Someone needs to investigate how the Cincinnati Bengals have found the fountain of youth.
It seems like every 30-something-year-old player on their team is having a great, if not career year at the time when they should be fading closer to retirement. The latest example of that is Reggie Nelson, who may go down as the greatest steal in Bengals trade history.
Now five years after sending cornerback David Jones (last played in the NFL in 2012) to the Jacksonville Jaguars for Nelson, the 32-year-old defensive back is in the midst of not only his best season as a pro, but one that could end with him earning some awards come season's end.
Through 12 games, Nelson leads the NFL with seven interceptions (2 more than his previous career-high set in 2007 with Jacksonville) and has picked off a pass in four-straight games. His latest came during the second quarter of Sunday's 37-3 win over the Cleveland Browns.
All Nelson could think about after the game was how close he and his defense came to shutting out the Browns completely.
"I really got upset when they scored the field goal, because we worked so hard through the week," Nelson said of Sunday's game. "We wanted that goose egg so bad, so we just gotta keep on practicing hard and come out playing hard-nosed football."
Nelson has quietly climbed up the Bengals' franchise record book with 22 career picks in Cincinnati. That has him in sixth place all-time in franchise history, three interceptions behind Lemar Parrish for fifth place and four behind Leon Hall for fourth place.
Ironically, both Hall and Nelson become free agents this offseason, but it's clear the latter needs to be retained this offseason. Nelson is also fourth in franchise history with 57 pass deflections, only two posts behind Tory James for third place.
You could also make a case for Nelson being in the Defensive Player of the Year conversation at the production rate he's currently on. He's easily been one of the biggest defensive performers this season while having a real shot at finishing the regular season as the interception leader. Depending on what guys like J.J. Watt, Aaron Donald and Josh Norman do, Nelson could certainly be in the discussion for this award and may end up having a real shot at it if he finishes the regular season strong.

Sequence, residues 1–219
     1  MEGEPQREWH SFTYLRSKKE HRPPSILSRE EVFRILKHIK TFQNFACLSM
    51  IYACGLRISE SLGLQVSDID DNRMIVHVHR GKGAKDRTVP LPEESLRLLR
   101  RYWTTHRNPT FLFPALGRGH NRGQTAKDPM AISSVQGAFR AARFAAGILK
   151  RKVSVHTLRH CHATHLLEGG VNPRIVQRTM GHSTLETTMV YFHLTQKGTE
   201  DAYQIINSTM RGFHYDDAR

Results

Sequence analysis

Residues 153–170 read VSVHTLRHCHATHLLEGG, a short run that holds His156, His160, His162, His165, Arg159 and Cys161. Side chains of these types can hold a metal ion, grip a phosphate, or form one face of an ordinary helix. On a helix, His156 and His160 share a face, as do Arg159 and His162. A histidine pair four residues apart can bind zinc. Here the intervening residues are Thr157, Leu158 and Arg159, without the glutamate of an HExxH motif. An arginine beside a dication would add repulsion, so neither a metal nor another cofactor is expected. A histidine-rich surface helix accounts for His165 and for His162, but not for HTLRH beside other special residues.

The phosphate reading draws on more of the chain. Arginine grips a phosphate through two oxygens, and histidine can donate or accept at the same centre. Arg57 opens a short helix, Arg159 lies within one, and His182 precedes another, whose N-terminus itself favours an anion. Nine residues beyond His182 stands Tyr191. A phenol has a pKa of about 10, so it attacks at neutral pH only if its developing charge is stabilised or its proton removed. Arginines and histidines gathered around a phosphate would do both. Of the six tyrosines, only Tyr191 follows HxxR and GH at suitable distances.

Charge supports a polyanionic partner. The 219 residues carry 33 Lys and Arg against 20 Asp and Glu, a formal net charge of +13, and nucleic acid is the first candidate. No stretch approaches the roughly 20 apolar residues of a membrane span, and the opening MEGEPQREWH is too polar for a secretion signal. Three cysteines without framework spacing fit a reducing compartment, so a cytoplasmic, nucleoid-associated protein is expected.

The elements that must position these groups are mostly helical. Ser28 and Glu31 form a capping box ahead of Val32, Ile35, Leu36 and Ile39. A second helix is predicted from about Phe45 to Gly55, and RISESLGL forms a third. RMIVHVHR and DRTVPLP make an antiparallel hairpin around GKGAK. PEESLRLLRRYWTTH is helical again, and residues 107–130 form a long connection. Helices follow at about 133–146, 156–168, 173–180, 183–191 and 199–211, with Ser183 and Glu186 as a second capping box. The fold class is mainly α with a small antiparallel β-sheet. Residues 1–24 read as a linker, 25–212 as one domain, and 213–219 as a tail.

His current pace would put him at 11 interceptions (10.667 to be exact based on a .667 interception per game pace) along with 12 pass deflections and 76 total tackles.
For perspective and a history on defensive backs winning the award, former Steelers safety Troy Polamalu won the AP Defensive Player of the Year award in 2010 after finishing with seven picks, 11 pass deflections and 63 total tackles.
Charles Woodson won it with the Packers in 2009 after picking off nine passes and notching 74 tackles with 18 pass deflections and four forced fumbles. Former Colts safety Bob Sanders won it in 2007 after registering 96 tackles, 3.5 sacks two picks and six pass deflections. Former Ravens safety Ed Reed won the award in 2004 thanks to nine interceptions, three forced fumbles, eight pass deflections and 76 total tackles.
But no defensive back has won this award since Polamalu did back in 2010. Watt has won it twice while linebackers Luke Kuechly and Terrell Suggs also won it.
It's going to take an amazing performance in the final four regular-season games for Nelson to have a real shot at the award, but at the very least, he's put himself in position to be mentioned in the award discussion.
For now, Nelson is just focusing in on the Pittsburgh Steelers and Ben Roethlisberger, whom Nelson has picked off five times in his career.
"It is big. It is always a hard-nosed football game when we play Pittsburgh and Big Ben," Nelson said. "He does a great job of leading his troops and we just have to prepare for them."
Nelson actually picked off Roethlisberger twice in the Bengals' Week 8 win in Pittsburgh, a game in which the defense powered Cincinnati to a 16-10 win. He'll look to do the same again this week as the Bengals look to clinch the AFC North for just the third time since 1991.